Last edited: Apr 9, 2014
  2. jcsd
  3. Apr 9, 2014 #2

    haruspex

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    Check the signs
    Check the term on the right hand side. Is this a cut-and-paste error?
     
  4. Apr 9, 2014 #3

    Radarithm

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    You're right. Fixed it and got the equation:
    [tex]T_u=\frac{m\sin{\varphi}(\ell\omega^2+g)}{1+\sin{\varphi}}[/tex]

    When I apply this to the hint: If [itex]\ell\omega^2=\sqrt{2}g[/itex] then [itex]T_u=\sqrt{2}mg[/itex].

    All that's left is solving for the other tension. Thanks for the help.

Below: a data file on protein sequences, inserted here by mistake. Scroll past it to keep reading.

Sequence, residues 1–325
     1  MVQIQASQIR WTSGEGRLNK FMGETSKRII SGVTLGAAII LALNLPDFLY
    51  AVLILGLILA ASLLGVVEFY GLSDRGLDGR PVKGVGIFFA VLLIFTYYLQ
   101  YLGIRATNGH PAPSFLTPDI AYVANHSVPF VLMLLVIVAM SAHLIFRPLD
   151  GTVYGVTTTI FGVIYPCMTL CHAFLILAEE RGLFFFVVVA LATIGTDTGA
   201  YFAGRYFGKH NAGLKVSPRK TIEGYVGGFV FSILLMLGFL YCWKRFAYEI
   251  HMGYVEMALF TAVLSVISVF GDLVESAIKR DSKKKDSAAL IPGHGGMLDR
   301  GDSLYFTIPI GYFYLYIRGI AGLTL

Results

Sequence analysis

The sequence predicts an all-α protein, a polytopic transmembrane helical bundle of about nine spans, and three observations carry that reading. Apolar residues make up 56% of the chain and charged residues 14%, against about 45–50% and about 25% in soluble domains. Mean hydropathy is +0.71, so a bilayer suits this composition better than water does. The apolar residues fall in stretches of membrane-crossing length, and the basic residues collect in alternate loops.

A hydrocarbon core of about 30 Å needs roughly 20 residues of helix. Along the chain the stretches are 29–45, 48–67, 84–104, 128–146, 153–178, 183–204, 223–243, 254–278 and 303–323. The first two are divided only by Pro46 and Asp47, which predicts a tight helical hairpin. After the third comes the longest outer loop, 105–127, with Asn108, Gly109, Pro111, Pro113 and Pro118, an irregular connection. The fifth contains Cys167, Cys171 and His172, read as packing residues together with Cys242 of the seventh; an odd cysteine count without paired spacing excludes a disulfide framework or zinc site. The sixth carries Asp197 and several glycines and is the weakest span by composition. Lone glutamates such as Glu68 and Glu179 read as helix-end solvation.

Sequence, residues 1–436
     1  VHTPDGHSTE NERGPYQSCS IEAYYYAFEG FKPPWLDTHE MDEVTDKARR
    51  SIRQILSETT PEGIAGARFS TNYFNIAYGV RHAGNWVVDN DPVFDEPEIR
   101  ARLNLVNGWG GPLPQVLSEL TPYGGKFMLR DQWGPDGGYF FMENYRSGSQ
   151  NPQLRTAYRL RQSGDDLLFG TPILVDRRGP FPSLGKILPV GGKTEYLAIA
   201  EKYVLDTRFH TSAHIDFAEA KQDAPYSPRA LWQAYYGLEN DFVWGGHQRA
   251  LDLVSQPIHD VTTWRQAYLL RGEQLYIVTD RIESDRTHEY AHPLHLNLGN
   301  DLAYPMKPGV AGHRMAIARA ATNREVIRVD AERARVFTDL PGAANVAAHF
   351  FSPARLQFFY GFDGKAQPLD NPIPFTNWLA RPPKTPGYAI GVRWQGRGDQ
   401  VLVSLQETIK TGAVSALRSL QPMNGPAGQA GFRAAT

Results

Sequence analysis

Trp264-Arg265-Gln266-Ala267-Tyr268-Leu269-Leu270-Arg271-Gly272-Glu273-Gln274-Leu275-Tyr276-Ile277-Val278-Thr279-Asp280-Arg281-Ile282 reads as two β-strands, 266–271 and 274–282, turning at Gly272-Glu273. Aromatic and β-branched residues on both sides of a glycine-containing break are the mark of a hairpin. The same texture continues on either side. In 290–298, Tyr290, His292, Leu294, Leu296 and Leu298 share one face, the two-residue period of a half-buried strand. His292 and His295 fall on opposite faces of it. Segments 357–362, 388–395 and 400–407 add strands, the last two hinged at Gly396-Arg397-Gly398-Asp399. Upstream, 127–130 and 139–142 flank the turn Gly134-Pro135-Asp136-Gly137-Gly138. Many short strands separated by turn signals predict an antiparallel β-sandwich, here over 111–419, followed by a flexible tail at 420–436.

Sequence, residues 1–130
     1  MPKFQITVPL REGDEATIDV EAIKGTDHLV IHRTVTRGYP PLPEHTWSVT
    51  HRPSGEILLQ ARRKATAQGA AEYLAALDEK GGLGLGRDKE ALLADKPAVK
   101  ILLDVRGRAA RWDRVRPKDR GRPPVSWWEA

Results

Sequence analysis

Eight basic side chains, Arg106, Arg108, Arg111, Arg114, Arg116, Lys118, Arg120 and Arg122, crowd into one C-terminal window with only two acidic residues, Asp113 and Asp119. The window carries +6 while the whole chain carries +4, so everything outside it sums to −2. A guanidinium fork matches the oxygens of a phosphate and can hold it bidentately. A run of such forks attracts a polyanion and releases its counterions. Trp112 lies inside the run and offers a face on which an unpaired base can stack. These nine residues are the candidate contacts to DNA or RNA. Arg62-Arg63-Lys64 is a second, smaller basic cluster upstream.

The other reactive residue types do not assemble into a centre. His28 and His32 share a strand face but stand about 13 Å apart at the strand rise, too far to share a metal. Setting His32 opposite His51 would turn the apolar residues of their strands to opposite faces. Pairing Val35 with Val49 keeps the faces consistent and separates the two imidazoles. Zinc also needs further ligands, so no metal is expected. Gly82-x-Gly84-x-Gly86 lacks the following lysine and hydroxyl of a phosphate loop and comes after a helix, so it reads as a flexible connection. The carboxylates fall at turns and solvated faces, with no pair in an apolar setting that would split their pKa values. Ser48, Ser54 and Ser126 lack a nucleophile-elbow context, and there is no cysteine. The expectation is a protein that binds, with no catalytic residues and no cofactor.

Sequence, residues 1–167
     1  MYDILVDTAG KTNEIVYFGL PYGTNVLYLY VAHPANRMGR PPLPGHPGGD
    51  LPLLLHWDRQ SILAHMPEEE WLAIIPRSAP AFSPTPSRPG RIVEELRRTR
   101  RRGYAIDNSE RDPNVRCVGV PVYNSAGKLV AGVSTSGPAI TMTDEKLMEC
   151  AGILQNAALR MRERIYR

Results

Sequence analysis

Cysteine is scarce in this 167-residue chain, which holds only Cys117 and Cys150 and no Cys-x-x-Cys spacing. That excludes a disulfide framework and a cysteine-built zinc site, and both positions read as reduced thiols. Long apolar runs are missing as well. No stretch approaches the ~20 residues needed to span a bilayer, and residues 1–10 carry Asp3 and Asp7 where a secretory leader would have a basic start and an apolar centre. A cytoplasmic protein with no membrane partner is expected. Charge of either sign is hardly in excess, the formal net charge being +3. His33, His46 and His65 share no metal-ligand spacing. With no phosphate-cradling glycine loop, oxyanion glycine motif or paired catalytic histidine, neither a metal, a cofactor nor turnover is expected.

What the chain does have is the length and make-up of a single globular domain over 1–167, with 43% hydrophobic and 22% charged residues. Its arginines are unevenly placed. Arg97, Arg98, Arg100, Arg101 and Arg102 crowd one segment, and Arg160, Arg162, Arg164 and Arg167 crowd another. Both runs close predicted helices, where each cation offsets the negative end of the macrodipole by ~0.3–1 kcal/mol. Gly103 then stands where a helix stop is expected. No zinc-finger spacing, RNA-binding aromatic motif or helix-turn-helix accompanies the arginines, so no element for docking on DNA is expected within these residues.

It's funny how easy it is to make dumb mistakes :tongue:
     
  5. Apr 9, 2014 #4
    This is not the correct value of tension in the upper string.

    If you apply the hint i.e ω2l =√2g in the expression of Tu you have obtained,you get mg not √2mg
     
  6. Apr 9, 2014 #5

    Radarithm

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    In fact I get 2mg when using a calculator. I'm currently working on it. Am I off with the forces or the algebra?
     
  7. Apr 9, 2014 #6
    Did you fix the errors pointed out by haruspex in post#2 ?

    If yes ,what are the two equations you get ?
     
  8. Apr 9, 2014 #7

    Radarithm

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    I did, and here's what I got:
    [tex]T_u\sin{\varphi}+T_d\sin{\varphi}=m\ell\omega^2\sin{\varphi}[/tex]
    [tex]T_u\cos{\varphi}-mg-T_u\cos{\varphi}=0[/tex]
     
  9. Apr 9, 2014 #8
    Correct